Brand advertising, in fact, can work for this. So television brand advertising, folks have noticed that TV brand advertising often drives the cost per click down and drives engagement and click-through rates up, because people have heard of you and they know who you are. Magazine and offline advertising works like this. Sometimes even display advertising can work this way.

The second option is to…

Advertise primarily or exclusively to an audience that already has experience with you.

The way you can do this is through systems like Google’s retargeting and remarketing platforms. You can do the same thing with Facebook, through custom audiences of email addresses that you upload, same thing with Instagram, same thing with Twitter. You can target people who specifically only follow the accounts that you already own and control. Through these, you can get better engagement, better click-through rate, better conversion rate and drive down that cost per click and reach a broader audience.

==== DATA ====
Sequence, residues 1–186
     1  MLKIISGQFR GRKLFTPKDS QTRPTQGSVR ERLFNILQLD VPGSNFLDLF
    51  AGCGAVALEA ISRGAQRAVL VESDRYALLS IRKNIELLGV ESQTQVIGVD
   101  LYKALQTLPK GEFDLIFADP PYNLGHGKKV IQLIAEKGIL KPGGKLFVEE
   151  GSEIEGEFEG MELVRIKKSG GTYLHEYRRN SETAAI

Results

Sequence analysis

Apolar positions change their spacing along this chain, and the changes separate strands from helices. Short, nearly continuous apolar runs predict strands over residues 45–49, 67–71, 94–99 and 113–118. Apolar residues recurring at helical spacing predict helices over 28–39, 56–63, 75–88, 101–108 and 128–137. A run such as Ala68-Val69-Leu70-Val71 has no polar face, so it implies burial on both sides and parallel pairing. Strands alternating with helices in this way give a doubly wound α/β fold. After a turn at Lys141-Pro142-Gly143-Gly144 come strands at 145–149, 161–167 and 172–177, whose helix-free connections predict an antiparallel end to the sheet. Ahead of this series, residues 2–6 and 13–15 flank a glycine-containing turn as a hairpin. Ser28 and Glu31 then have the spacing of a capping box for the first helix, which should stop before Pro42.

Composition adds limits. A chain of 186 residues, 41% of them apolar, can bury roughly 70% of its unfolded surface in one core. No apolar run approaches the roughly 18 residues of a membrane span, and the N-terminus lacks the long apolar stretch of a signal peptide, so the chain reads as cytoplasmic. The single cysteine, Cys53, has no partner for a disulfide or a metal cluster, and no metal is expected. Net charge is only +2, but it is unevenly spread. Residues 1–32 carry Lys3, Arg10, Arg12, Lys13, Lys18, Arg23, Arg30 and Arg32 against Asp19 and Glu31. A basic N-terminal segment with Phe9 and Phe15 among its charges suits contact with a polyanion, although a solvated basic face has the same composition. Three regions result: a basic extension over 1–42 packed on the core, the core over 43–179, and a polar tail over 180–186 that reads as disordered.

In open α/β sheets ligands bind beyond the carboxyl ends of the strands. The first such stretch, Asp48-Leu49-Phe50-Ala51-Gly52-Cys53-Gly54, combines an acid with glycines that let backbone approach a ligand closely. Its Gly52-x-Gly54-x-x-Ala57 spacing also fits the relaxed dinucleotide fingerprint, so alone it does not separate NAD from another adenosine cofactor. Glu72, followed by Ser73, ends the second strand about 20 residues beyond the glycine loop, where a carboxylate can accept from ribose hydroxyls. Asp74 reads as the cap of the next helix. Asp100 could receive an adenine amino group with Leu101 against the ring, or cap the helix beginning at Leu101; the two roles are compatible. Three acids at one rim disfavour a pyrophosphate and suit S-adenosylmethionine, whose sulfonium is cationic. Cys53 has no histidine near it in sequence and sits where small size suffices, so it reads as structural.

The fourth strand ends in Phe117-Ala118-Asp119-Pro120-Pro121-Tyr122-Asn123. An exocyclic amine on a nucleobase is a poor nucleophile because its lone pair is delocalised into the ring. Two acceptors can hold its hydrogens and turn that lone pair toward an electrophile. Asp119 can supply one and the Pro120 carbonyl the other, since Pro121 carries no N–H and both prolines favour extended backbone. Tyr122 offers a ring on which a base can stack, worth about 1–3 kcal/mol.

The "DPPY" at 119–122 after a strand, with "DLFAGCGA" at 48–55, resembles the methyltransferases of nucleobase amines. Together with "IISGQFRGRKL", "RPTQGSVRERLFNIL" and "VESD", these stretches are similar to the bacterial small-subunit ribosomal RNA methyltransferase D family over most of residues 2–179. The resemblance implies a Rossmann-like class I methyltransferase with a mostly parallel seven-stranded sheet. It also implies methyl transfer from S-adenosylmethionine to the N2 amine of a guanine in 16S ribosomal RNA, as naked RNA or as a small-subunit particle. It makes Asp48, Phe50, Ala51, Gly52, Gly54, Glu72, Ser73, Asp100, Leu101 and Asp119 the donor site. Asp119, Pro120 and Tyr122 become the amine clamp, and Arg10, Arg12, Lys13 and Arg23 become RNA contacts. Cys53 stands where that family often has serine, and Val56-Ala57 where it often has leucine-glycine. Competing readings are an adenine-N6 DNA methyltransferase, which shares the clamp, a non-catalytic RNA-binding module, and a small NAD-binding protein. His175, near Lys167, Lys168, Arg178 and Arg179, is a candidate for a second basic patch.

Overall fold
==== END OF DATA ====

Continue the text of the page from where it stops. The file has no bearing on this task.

But if you don’t do these things first, a lot of times these types of investments fall flat on their face, and a lot of marketers, to be honest, and agencies and consultants lose their jobs as a result. I don’t want that to happen to you. So invest in these first or find the niches where advertising can work for a first-time product. You’re going to be a lot happier.

All right, everyone. Look forward to your comments. We’ll see you again next week for another edition of Whiteboard Friday. Take care.

Video transcription by Speechpad.com

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How to Earn More Links and Social Shares: Insights From 759 Content Marketing Campaigns

Posted by kerryjones

Is there a formula for wildly successful content marketing campaigns? It’s a question we ponder a lot at the Fractl office.

We do have our own tried-and-true formula that we continually tweak based on our observations of what does and doesn’t succeed. To help us spot trends that shape this formula, we collect data about every content marketing campaign we create for our clients. But we don’t keep this data to ourselves – sharing our internal data with the marketing community helps others create better content based on what’s worked for us.